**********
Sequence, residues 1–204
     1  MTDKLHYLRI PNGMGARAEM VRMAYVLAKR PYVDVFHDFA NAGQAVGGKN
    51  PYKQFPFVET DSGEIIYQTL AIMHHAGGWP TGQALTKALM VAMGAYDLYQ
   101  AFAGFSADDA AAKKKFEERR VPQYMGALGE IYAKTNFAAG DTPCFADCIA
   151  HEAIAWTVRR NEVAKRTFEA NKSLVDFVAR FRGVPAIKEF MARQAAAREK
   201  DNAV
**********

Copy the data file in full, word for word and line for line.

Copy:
Sequence, residues 1–204
     1  MTDKLHYLRI PNGMGARAEM VRMAYVLAKR PYVDVFHDFA NAGQAVGGKN
    51  PYKQFPFVET DSGEIIYQTL AIMHHAGGWP TGQALTKALM VAMGAYDLYQ
   101  AFAGFSADDA AAKKKFEERR VPQYMGALGE IYAKTNFAAG DTPCFADCIA
   151  HEAIAWTVRR NEVAKRTFEA NKSLVDFVAR FRGVPAIKEF MARQAAAREK
   201  DNAV